by Dr. Patrick Jones
Healthcare in the greater Wenatchee area has come a long way in the past 15 years. As Indicator 2.3.3 shows, it is now the third largest sector, measured by employment. Only agriculture and government are larger.
The share taken by health care and social assistance of the total work force in the two counties has climbed from 10.5% in 2004 to 12.8% in 2019. Among the five largest employing sectors in the two counties, that growth has trailed only the hospitality industry. (Construction and manufacturing have also experienced higher growth rates but their employment levels are not nearly as large as healthcare and social assistance.) It is worth pointed out that the current importance of health care and social assistance to the two counties is not unique in the metro areas in eastern Washington. Several sported shares in 2019 that were higher than here: Yakima at 14.4%, Walla Walla at 15.5% and Spokane at 18.6%.
A relatively new Trends addition, found here and below, and located in the Our Valley Our Future / Nuestro Valle Nuestro Futuro category, focuses solely on the sector’s numbers. It tracks the growth of employment levels, showing a climb from about 4,900 to 7,250 over the past 15 years. As the graph reveals, that growth rate closely matches that of the state.
What has driven the jump in the size of healthcare and social assistance in the two counties? Undoubtedly, the single most important factor is population growth. Over the same period (2014-2019), population in the two counties has moved from approximately 102,000 to 121,000. That represents a cumulative gain of 18%. Yet, the gain is lower than the cumulative growth of the sector, at 33%.
Another factor likely playing a role is the greater prevalence of health insurance among the residents of the two counties. As Indicator 5.4.1 shows, the rate of the uninsured has dropped by 46% between 2009, the start of the series, and 2019. A greater number of patients seeking care outside of a hospital emergency department will create a greater demand for medical professionals.
Yet another factor is age. As Indicator 0.1.2 lays out, median age in the two counties has risen over the largely same interval, from 37.5 to 39.5 years. (And note that the two counties have been consistently “older” than the benchmarks of the U.S. and the state.) Over the last decade, the share of the population that is 65+ has climbed from 14% to 20%. An older population simply requires more interaction with the healthcare sector.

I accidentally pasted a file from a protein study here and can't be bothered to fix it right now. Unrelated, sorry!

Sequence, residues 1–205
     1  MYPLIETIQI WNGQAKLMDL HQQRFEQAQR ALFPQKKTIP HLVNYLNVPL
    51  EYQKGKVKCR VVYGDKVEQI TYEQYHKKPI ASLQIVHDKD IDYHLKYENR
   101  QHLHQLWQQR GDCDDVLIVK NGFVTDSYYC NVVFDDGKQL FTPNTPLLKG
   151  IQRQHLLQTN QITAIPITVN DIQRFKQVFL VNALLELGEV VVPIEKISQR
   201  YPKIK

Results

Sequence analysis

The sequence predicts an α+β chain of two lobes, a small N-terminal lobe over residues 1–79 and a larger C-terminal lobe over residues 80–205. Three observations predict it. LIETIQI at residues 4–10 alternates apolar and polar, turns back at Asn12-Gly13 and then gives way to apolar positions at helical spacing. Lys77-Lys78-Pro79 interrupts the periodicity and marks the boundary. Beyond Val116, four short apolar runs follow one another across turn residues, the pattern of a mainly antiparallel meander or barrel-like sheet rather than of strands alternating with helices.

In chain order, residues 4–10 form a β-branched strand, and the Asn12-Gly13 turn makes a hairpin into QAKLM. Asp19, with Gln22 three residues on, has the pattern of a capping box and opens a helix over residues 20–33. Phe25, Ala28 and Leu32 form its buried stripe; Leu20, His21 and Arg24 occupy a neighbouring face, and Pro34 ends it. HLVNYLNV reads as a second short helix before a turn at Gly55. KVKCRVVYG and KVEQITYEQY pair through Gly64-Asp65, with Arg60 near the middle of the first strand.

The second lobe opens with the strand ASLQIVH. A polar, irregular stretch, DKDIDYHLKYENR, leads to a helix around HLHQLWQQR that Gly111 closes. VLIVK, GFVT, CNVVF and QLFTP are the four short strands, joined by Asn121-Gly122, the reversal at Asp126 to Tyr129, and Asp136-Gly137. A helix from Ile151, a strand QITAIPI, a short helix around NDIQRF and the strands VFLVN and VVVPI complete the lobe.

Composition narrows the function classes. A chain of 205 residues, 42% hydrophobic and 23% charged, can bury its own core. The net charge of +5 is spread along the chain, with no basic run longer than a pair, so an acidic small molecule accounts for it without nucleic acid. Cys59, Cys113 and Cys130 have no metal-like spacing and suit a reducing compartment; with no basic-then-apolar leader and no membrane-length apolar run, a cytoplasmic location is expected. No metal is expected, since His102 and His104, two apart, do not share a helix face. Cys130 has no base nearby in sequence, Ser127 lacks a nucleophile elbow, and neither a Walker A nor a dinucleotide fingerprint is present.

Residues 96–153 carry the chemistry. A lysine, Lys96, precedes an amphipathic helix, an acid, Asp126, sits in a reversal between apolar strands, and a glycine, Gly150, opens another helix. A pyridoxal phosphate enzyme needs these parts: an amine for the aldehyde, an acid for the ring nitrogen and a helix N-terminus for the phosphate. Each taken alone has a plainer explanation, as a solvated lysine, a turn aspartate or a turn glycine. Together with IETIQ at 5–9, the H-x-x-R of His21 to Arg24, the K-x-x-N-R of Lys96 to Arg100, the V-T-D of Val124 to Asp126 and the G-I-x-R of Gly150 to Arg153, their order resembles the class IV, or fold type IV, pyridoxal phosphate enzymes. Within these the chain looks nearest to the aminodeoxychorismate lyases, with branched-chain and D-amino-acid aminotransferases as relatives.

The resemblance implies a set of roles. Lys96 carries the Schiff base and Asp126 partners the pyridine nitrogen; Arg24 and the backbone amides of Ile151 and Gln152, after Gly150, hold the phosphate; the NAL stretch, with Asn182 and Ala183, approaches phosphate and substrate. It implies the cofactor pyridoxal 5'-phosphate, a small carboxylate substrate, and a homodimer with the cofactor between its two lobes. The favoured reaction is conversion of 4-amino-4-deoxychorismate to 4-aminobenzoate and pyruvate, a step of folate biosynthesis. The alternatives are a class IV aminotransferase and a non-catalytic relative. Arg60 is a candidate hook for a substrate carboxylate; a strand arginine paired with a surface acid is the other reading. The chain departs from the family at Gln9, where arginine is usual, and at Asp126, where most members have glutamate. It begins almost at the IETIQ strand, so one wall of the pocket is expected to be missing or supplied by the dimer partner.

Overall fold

Certainly, the efforts of the local hospitals to boost the numbers of healthcare professionals overall, and physicians in particular, have factored into the growing share of healthcare and social assistance here. Indicator 5.4.3 shows the steady growth path of physicians in the two counties. Between 2011 and 2019, the number of MDs and DOs climbed dramatically, by 74. While the concentration of physicians in the population is still considerably below that of Washington’s, it has increased – from 2.33 to 2.74 physicians per thousand residents.
Of course, as we consider this sector, we should be mindful that it encompasses more than physicians and hospitals. The largest sub-sector was, in fact hospitals, with about 50% of the total sector workforce in 2019. Within any hospital, physicians are but one, albeit highly important, component of staff. The second largest sub-sector was ambulatory care. While this refers to physician offices, it also covers the offices of dentists, counselors, and the gamut of therapists. It made up about 22% of sector employment in 2019. The third largest subsector was consisted of social assistance workers. This includes above all service providers to the elderly (but not nursing homes) and disabled, followed by childcare centers. In the 2019, these firms made up about 17% of the sector. The fourth largest sub-sector consists of nursing and residential care facilities; these operations contributed 12% of all sector jobs last year.
Among these subsectors, where has the largest growth occurred? Due to data constraints, we can only compare the past five years. The short answer: hospitals. Staff in the hospitals in the two counties has climbed by over 800 since 2014. In contrast, the count at free-standing medical offices has actually declined. It appears that employment at residential care (nursing homes, assisted living) has not increased much at all. Social assistance employment, on the other hand, has shown modest growth over the past five years.
What might the next five years bring to the size of the healthcare sector here? In this observer’s opinion, it will most likely continue its rise, if population growth in the two counties continues its recent path. And compared to other eastern Washington metro areas, the share of the workforce here taken up by healthcare workers still has room to increase.